|Ryan Budget Plan||Actual||Projected||Change from 2011|
|% of GDP||2011||2023||2030||2023-2011||2030-2011|
|Total Spending excluding Interest||22.50||17.25||17.50||-5.25||-5.00|
|B. Medicaid & CHIP||2.00||1.25||1.25||-0.75||-0.75|
|C. Social Security||4.75||5.50||6.00||0.75||1.25|
|D. All Other||12.50||6.75||5.75||-5.75||-6.75|
|1) Defense including VA||5.75||4.50||4.50||-1.25||-1.25|
|2) Rest of Govt (calculated)||6.75||2.25||1.25||-4.50||-5.50|
|Sources: For Defense spending line: CBO March 2012 “Updated Budget Projections”. Assumes constant Defense (including VA) spending in real terms to 2023, with no sequestration. The Ryan Plan calls for more, but it is not clear how much more, so this is a minimum. Assumes constant share of GDP after that.|
|For all other lines: CBO March 2012 evaluation of Ryan Budget proposal. The CBO numbers are presented to the nearest quarter of a percentage point of GDP, and is shown here in decimals simply for clarity. Note: Totals may not add due to round-off in the CBO figures.|
With Mitt Romney’s choice of Congressman Paul Ryan as his vice-presidential running mate, the policy positions that Ryan has taken over the years have become of more interest. As Chairman of the House Budget Committee, Ryan is particularly well known for the plans he put forward each spring for the federal budget. Even ostensibly neutral news reporters have praised these plans as serious proposals to remedy America’s fiscal ills, noting that while one might not agree with certain of the specifics, the plans at least set forth a serious and internally consistent set of proposals to bring down the deficits.
Superficially, the plans might convey such an appearance. But as soon as one starts to dig into the numbers, one finds major issues. The Ryan Plan does not really reduce the deficit compared to a scenario where the Bush Tax Cuts are allowed to expire, but rather slashes spending in order to bring down the deficit to what it would be without the Bush tax cuts. Ryan then goes further by proposing even higher tax cuts on top of this. Defense spending would be increased; there are specific proposals to cap spending on Medicare and on Medicaid; and Social Security (in the 2012 proposal) is left as is. Everything else government spends funds on, from assistance to the poor, to NASA, to border security, and to the Judiciary, would be drastically slashed. Ryan does not present detail on which programs would be cut the most, but only some vague commentary, but these programs as a whole would be slashed by at least two-thirds by 2023 (as a share of GDP), by over 80% by 2030, and by essentially 100% by 2040. After that, there would have to be negative spending on such programs for Ryan’s budget to add up. This is simply not serious.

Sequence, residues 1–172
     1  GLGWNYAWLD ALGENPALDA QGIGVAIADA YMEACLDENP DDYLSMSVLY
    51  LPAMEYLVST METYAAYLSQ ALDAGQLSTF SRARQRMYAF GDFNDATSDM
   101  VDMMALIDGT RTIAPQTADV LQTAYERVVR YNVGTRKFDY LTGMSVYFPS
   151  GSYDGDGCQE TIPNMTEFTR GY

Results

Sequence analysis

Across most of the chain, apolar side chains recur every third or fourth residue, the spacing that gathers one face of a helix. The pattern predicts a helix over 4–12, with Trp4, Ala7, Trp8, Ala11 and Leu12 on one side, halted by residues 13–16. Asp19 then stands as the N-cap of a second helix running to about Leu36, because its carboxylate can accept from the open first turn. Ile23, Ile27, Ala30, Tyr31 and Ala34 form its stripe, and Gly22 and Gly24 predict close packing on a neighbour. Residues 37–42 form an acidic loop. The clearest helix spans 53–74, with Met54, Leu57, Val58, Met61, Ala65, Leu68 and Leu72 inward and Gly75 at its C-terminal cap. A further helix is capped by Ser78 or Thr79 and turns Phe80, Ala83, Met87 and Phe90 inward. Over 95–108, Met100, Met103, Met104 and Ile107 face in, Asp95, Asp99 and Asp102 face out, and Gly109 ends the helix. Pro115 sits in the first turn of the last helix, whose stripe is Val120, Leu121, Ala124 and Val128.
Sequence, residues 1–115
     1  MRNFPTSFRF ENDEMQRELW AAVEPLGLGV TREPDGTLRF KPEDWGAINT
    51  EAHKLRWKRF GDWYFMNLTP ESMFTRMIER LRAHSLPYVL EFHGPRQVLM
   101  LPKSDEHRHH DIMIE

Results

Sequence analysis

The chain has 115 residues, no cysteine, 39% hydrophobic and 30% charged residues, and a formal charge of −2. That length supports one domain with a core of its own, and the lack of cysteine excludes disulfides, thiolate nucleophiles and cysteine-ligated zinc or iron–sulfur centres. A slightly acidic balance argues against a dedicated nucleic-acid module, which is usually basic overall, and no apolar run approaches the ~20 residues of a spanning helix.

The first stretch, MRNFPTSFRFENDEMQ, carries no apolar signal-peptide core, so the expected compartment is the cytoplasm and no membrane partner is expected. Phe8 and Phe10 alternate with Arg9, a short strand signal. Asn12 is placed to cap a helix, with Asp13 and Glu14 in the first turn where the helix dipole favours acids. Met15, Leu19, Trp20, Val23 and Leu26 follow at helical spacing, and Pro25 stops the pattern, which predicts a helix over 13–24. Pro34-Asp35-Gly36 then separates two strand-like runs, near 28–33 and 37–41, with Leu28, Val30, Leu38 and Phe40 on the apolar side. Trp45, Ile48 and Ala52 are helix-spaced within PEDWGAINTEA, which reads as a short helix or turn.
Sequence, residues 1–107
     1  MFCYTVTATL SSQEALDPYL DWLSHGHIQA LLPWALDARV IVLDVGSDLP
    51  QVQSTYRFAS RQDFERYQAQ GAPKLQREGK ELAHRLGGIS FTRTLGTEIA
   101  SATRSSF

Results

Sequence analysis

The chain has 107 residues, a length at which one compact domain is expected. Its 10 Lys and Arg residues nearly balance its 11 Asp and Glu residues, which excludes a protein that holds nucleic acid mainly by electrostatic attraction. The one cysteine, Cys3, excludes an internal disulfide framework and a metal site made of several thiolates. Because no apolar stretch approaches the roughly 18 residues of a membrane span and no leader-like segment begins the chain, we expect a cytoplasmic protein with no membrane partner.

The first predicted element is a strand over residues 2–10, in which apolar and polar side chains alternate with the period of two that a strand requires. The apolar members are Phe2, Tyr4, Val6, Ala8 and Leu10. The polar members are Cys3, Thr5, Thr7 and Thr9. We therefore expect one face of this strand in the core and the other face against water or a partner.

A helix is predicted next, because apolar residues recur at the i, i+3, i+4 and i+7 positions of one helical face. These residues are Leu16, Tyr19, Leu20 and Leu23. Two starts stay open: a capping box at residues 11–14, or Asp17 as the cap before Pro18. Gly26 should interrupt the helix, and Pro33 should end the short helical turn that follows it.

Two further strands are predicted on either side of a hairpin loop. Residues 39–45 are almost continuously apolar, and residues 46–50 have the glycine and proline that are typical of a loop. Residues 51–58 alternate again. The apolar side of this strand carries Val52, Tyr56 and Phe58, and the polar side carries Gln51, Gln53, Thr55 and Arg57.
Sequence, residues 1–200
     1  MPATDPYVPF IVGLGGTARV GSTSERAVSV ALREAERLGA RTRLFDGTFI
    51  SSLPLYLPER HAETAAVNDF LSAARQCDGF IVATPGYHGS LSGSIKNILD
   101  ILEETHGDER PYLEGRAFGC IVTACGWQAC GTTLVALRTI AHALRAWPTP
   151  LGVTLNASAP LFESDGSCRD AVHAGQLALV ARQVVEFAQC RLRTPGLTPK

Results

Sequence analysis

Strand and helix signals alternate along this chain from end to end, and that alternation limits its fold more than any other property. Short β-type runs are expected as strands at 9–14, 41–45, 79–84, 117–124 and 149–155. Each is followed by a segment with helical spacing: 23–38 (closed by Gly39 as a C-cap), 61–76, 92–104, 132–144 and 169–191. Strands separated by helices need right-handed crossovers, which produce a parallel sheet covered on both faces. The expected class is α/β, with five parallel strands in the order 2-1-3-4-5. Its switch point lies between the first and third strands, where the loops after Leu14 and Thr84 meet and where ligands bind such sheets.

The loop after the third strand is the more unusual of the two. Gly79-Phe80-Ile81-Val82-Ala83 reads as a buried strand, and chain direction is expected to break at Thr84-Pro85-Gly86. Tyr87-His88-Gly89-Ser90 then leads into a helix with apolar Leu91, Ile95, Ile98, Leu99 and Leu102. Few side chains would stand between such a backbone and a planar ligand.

The rest of this blog post will document and discuss these points, and others. A note on sources: The Ryan Budget Plan is as presented in his budget document of March 2012. The CBO at that time presented its own analysis of the budgetary implications of the Ryan Budget Plan, as is standard and as was requested by Ryan. For other CBO estimates, I have taken figures from the CBO projections of March 2012, to coincide in time with when the Ryan Plan (and the CBO analysis of it) came out. The CBO has updated its standard projections since then, but the changes have not been significant, in particular for the numbers a decade out or more. For consistency and to see where the differences are, it is therefore best to use the March CBO numbers when making comparisons to those that would result from the Ryan proposals.
The main points are:
1) The budget deficit under the Ryan Plan is not significantly lower than it would be compared to simply allowing the Bush Tax Cuts to expire.